As 2020 finally, thankfully comes to a close, NoCamels is revisiting the articles that resonated most with our readers over this past year amid a life-changing pandemic that has devastated lives, countries, and economies.
As people sought more information on the global crisis and innovations that could help us cope and possibly recover, NoCamels published hundreds of articles on Israeli technologies inventions, creations, and initiatives, highlighting medical solutions, economic consequences and social aspects of the pandemic, and even injecting a little humor.
Here are our some of our most popular articles for this unforgettable year.
This guest post written by an analyst with Pitango Venture Capital proved to be very popular with readers since it was published in mid-March, a week into Israel’s first lockdown.
The piece took a deep dive into the industries that experienced unprecedented growth as the spread of the global pandemic gained pace across the world, upending existing work structures, health care, education, leisure, and relationships.
In April, Tel Aviv University’s Professor Jonathan Gershoni of the School of Molecular Cell Biology and Biotechnology announced that he was awarded a US patent for his innovative vaccine design for the corona family of viruses that targets their Receptor Binding Motif (RBM).
In the case of SARS-CoV-2, the virus that causes COVID-19, the RBM is part of its “spike” protein, a major viral surface protein that it uses to direct how the virus engages and interacts with cells of the body and to bind to a receptor “like a key that has to fit into a keyhole,” Prof. Gershoni told NoCamels at the time.
The spike protein contains about 1,200 amino acids and the work has focused on finding the “weak spots.” The team has already identified the 50 amino acids that make up the RBM.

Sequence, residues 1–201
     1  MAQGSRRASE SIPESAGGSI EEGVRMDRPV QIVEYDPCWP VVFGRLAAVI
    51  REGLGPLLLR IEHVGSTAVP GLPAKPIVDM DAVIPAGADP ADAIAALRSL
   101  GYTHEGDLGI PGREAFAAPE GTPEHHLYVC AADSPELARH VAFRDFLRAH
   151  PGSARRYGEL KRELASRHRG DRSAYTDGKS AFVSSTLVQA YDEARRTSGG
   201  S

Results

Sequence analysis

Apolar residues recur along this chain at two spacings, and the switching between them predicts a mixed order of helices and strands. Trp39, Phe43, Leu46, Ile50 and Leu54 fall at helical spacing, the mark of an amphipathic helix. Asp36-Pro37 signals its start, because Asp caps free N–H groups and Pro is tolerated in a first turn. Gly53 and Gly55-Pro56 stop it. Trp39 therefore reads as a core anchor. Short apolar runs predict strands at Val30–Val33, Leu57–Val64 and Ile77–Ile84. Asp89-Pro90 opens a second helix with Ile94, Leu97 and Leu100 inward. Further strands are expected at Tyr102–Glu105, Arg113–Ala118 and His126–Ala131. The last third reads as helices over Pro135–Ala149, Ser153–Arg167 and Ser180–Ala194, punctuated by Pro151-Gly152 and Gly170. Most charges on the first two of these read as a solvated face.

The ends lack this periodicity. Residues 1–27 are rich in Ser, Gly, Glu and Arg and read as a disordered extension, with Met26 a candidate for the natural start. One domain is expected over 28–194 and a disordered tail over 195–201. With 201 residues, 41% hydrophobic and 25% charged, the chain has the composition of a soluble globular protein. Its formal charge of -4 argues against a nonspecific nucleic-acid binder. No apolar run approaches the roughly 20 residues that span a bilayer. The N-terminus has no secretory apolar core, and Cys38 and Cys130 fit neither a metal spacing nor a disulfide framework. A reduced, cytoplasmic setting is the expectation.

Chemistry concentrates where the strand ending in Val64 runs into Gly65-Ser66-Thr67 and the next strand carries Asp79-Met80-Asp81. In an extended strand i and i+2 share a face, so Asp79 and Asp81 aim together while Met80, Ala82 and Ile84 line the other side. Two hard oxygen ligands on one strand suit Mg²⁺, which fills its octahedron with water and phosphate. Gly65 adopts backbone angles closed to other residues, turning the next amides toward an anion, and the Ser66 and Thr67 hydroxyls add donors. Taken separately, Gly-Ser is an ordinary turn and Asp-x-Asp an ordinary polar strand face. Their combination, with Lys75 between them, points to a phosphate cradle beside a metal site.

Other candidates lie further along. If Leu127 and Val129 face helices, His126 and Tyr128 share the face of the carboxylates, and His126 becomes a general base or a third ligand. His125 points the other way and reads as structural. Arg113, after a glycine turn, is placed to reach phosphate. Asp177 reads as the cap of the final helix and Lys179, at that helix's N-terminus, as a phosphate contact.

Gershoni and his team have been working on coronaviruses since 2004, around the time of the first SARS (severe acute respiratory syndrome) outbreak caused by SARS-CoV. In September, the team was awarded a grant for further research.
Almost two decades ago, Israel’s scientific and agricultural communities embarked on a unique journey to revive a type of date palm tree that existed in Judea 2,000 years ago and would produce fruit from that time.
Dr. Sarah Sallon, a researcher of natural medicine, and Dr. Elaine Solowey, who runs the Center for Sustainable Agriculture at the Arava Institute for Environmental Studies at Kibbutz Ketura, were two of the leading initiators of this project and were among the few to actually taste these dates from back in the times of Jesus and the Maccabees, after a landmark harvest this summer.
In late February, just as the coronavirus was hitting the rest of the world after spreading first in China in late 2019, Israeli scientists announced that they had just completed the development of a new vaccine for a deadly virus affecting poultry that could be adapted for human use against SARS-CoV-2, the virus that causes COVID-19.